The Uptown Boy, J. Harold Manners (Lloyd) is a millionaire playboy who falls for the Downtown Girl, Hope (Ralston) who works in Brother Paul's (Weigel) mission. In order to build up ... See full summary »
Chief Sitting Bull of the Sioux tribe is forced by the Indian-hating General Custer to react with violence, resulting in the famous Last Stand at Little Bighorn. Parrish, a friend to the ... See full summary »
J. Carrol Naish
The great hypnotist Professor Montserrat has developed a technique for controlling the minds, and sharing the sensations, of his subjects. He and his wife Estelle test the technique on Mike... See full summary »
The young couple have decided to marry and it is time to ask the father for the hand of his daughter. Problem is, the father does not want to give the daughter away. So every time he goes ... See full summary »
Marcia Prentiss, a New England spinster, is annoyed when reaching her summer home to find that her niece, Betsy Ann, is there after being told to remain in school, but is there because she ... See full summary »
Mary Stevens (Kay Francis) and her old friend Don Andrews (Lyle Talbot) find themselves graduating from medical school at the same time. They decide to set up their respective medical ... See full summary »
A young man is awakened from a nightmare by the telephone ringing - his girlfriend is calling him, because he is late for an amateur theatrical production. But before he can leave, he gets into an argument with his neighbor. Then, soon after he gets on the road, his car stalls. If he cannot get to the theater quickly, he might be replaced in the play by a rival. Written by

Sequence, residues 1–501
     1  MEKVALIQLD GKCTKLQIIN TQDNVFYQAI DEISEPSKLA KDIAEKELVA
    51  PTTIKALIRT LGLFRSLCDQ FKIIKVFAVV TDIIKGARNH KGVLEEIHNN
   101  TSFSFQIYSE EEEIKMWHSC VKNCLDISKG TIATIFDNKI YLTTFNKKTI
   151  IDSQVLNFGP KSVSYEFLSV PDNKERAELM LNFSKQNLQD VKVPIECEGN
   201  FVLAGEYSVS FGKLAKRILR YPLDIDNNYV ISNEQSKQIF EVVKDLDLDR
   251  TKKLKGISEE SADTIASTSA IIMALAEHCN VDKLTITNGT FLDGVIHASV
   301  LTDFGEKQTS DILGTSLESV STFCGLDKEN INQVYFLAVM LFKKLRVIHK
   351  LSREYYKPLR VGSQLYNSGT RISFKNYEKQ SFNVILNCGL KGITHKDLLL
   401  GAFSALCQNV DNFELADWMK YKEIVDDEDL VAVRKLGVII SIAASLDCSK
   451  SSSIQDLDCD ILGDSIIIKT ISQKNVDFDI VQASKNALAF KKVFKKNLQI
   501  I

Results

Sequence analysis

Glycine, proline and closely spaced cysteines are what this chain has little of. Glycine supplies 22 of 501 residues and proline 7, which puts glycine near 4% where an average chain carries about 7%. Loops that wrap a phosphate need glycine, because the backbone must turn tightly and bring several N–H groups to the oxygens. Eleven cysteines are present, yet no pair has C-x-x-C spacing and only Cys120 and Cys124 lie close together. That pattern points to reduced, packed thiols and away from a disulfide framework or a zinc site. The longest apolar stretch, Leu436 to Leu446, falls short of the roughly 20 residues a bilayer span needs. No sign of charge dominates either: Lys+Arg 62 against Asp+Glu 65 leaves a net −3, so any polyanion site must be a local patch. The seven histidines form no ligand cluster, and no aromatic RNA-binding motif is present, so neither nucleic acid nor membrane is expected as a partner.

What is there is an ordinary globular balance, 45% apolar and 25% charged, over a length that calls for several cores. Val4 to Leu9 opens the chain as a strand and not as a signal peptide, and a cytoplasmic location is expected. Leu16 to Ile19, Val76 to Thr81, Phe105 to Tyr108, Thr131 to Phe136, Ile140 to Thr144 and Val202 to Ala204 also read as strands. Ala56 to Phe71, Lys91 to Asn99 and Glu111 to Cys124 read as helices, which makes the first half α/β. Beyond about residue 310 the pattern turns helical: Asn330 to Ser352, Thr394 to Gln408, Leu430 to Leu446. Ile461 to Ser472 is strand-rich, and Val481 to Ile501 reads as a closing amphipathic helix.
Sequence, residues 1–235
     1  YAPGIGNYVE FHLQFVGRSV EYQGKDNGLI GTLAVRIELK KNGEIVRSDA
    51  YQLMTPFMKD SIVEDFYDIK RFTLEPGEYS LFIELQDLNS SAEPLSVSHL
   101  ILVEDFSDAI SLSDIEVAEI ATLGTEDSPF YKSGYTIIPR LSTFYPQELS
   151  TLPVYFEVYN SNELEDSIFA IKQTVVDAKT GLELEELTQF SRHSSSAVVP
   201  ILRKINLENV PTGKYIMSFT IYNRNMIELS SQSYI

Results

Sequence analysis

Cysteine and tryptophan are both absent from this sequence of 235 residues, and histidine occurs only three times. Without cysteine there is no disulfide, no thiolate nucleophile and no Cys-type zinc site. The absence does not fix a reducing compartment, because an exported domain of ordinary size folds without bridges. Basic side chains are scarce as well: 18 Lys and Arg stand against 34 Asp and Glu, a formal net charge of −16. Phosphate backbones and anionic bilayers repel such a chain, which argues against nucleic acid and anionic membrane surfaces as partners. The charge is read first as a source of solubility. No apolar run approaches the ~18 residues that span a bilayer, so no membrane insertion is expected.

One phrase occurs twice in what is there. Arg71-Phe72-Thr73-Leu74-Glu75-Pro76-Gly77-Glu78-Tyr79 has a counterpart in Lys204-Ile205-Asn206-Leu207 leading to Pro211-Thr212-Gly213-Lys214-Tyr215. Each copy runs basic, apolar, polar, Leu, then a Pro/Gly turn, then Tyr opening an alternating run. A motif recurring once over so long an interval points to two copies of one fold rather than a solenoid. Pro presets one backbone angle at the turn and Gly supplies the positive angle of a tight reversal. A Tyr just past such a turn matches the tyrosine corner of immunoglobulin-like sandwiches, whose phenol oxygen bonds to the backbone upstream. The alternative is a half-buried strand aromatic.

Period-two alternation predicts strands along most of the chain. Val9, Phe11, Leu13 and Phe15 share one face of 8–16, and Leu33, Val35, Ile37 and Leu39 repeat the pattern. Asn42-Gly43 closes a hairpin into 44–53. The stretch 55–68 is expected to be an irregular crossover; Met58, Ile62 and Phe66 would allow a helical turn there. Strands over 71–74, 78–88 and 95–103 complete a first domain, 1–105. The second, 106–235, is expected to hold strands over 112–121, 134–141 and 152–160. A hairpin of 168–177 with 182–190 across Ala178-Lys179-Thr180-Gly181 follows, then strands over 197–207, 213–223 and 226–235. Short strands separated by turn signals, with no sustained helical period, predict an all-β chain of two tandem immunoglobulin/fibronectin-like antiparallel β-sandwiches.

In an early close-up in the photography studio, you can really see the damage Lloyd suffered to his face in the prop bomb explosion that occurred at the Witzel Studio on 14 August 1919. His face would eventually heal, but he lost the thumb and forefinger of right hand and he adopted the use of a prosthetic rubber glove (which looked unnaturally stiff) for the remainder of his film career. See more »
In one scene Lloyd's hat is smashed in and in the next scene the hat is like new. See more »
Harold Lloyd's most famous movies really weren't slapstick films, as they weren't nearly violent enough and had way too much plot to be considered "slapstick". The slapstick films originally had the barest of plots and most consisted of people hitting or kicking each other, pie fights and lots of falls and accidents. While some of these are seen in Lloyd's films in the 20s and 30s, he really made films that were a little deeper and generally more enjoyable. This being said, this film is a great example of slapstick and what Lloyd's films were like up until he matured as an actor. It is also very similar to the films done in the 1910-1920s by Keystone and Roach Studios. In fact, Arbuckle, Chaplin and Keaton did many slapstick style films during this time. It's nice to see Lloyd's take on this style of film--especially because despite having a weaker plot, the action and silliness of this film are first-rate and the film deserves a rating of 9. For what it is, it is exceptional.
2 of 3 people found this review helpful.
Was this review helpful to you?